Further, the trace 4 is fixed to the outrigger part located near the fixed part. Thereby, the stiffness of the trace near to the fixed part is increased, so the inline stiffness of the tongue part can be further improved.

Further, the fixed part is located at each side part of the tongue part facing each outrigger part. Thereby, there is no need to provide the fixed part to a portion where the magnetic head slider and the microactuator are mounted on the tongue part, making design of the suspension easy.

Further, the trace fixed to the tongue part is a trace connected with a microactuator which precisely drives the magnetic head slider mounted on the tongue part. The bent part of the trace constituting the fixed part is a bent part which is folded back toward the connecting pad for microactuator located on the tongue part.

Thereby, the inline stiffness can be enhanced effectively by using the trace to the microactuator mounted on the tongue part, which makes the design easy. Further, the tongue part can be reinforced by the fixed part together with the connecting pad for microactuator, so the inline stiffness can be further improved.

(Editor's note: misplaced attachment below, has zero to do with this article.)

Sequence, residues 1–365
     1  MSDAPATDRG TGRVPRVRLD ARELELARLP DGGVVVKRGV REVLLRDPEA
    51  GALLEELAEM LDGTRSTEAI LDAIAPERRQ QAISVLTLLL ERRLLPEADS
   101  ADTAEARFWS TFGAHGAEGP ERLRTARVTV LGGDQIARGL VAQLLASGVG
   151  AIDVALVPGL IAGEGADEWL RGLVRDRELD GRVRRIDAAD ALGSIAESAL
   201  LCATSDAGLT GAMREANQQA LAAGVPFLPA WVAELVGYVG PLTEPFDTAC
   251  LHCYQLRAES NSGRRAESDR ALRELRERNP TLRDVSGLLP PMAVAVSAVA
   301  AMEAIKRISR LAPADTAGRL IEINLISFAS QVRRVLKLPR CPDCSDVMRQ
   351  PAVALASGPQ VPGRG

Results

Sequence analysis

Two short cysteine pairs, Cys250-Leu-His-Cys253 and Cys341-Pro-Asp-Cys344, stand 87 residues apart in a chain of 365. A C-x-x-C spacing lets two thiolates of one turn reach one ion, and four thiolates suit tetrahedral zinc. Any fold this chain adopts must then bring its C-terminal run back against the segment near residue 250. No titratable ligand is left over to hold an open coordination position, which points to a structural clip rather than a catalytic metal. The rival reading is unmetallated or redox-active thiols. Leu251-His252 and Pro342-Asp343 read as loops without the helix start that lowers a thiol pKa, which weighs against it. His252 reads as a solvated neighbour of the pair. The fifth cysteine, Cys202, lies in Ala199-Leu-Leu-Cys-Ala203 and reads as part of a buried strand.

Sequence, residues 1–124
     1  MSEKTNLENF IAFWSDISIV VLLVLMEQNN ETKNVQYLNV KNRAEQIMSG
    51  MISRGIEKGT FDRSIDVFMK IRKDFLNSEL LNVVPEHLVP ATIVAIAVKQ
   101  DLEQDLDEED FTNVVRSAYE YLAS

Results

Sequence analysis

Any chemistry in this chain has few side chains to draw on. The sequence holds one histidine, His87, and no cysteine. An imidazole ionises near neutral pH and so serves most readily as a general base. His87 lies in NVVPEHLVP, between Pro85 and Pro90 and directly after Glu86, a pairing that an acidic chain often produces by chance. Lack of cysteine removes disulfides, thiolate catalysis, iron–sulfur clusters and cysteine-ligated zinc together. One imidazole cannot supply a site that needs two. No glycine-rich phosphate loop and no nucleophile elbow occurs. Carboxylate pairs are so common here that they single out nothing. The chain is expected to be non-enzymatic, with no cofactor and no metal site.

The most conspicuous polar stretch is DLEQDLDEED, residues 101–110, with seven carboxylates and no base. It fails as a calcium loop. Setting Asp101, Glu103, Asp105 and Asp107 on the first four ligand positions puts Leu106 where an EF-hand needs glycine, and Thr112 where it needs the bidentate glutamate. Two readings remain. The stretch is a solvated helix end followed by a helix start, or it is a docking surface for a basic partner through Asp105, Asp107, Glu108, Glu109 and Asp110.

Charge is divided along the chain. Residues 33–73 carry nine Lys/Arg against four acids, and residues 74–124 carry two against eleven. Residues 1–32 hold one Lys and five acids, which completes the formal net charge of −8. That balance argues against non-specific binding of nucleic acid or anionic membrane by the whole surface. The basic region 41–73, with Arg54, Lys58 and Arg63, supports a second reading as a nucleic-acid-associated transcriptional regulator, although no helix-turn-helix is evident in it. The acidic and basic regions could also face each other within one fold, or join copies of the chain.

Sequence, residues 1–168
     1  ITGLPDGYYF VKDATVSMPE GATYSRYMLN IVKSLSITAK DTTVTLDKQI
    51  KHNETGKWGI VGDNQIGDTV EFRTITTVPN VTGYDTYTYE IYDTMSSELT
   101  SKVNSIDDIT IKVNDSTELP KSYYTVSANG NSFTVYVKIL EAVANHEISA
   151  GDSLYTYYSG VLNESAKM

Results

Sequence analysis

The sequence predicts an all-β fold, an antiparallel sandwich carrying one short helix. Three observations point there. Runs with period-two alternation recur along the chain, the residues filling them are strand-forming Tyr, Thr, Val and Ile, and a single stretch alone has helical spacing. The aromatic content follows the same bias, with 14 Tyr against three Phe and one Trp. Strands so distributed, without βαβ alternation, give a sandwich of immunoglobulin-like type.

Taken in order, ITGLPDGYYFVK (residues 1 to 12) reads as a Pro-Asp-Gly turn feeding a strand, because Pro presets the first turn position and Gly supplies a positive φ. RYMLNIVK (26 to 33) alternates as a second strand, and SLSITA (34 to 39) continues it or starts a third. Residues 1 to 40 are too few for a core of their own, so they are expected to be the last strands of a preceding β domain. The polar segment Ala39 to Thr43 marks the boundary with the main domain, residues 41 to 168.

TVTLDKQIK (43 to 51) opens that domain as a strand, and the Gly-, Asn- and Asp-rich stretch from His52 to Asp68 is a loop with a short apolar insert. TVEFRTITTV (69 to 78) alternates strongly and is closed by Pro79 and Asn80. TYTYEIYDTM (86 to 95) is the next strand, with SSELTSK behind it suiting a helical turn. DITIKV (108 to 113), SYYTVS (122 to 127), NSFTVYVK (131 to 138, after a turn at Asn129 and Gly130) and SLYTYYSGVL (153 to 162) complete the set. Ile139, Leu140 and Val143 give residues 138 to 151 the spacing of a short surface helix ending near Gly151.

The present invention further provides a head gimbal assembly, including: the suspension described above; a magnetic head slider mounted on the tongue part of the flexure constituting the suspension, and a load beam supporting the flexure. The present invention also provides a head gimbal assembly including a microactuator mounted on the tongue part, which precisely drives the magnetic head slider, in addition to the configuration described above. Further, the present invention also provides a disk drive equipped with the head gimbal assembly. Thereby, it is possible to realize a disk drive having high reliability in data reading and writing.

A method of manufacturing a suspension, which is another embodiment of the present invention, is a method in which a trace is formed on a flexure having two branched outrigger parts extending to the tip side of the flexure, and a tongue part located between the outrigger parts and linked to the tip sides of the outrigger parts. The method includes the step of fixing at least a part of a bent part formed in the trace to the tongue part when forming the trace on the flexure.

A suspension manufactured by the above method also has the same effect as that described above. Therefore, it is possible to improve the inline stiffness while maintaining the low pitch/roll stiffness.

EFFECTS OF THE INVENTION